“Next to oil, looting is the best-paying sector for Isis…” admits Michael Danti of the U. S. State Department Syrian Heritage initiative. (“Syria’s Monuments Men” by Bryan Schatz, Mother Jones, May/June 2015, pg. 12.) What the terrorists don’t destroy, they allow looters to carry off for a fee or a khums, as it’s called under “a Shariah provision that requires individuals to pay the state a percentage of the value of any treasure taken from the ground.” (Ibid, pg. 12.) In one province alone this policy has garnered Isis in Syria $36 million dollars. (Ibid, pg 12.)
According to Danti, these artifacts are purchased by dealers who can afford to sit on their treasure for years until the provenance is forgotten. By selling valued artifacts, Isis achieves two objectives. It raises money to buy weapons and it demoralizes a country by robbing it of its cultural heritage. Working against their objectives are Syria’s Monuments Men who, for the past two years, have been risking their lives to salvage treasures in their war torn country. The Obama administration has helped by banning the sale of Syrian art objects.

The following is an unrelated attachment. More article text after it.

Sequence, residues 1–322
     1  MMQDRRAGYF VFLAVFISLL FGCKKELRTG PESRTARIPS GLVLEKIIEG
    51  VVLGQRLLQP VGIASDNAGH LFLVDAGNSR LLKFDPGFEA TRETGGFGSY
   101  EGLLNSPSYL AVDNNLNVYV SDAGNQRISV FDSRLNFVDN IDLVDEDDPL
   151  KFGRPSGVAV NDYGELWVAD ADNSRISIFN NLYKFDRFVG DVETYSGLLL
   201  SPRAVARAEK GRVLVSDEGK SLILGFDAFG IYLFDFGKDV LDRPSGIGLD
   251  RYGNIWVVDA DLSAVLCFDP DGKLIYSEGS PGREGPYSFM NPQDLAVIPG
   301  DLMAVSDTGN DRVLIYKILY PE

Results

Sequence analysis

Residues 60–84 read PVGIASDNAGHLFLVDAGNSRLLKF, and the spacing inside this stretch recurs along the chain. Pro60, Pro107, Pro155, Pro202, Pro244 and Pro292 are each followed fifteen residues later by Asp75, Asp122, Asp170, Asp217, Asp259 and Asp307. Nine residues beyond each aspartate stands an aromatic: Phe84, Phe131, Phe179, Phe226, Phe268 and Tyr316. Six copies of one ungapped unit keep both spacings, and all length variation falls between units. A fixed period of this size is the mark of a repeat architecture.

Despite the best intentions of honorable people, saving Syria’s treasures seems to be a losing game. Still, a perverse good derives from the looters’ work. In their hunger for profits, they are saving antiquities that might be destroyed by the war. Eventually, these treasures will find their way into one of the major museums in the world. Should peace ever come to Syria, a new battle will begin over who owns these cultural pieces. (Blog 2/26/15.)
In the worst of times, the evil that men do may have good outcomes. As I noted in yesterday’s blog, life is not lived in shades of black and white. Ours is a complex world.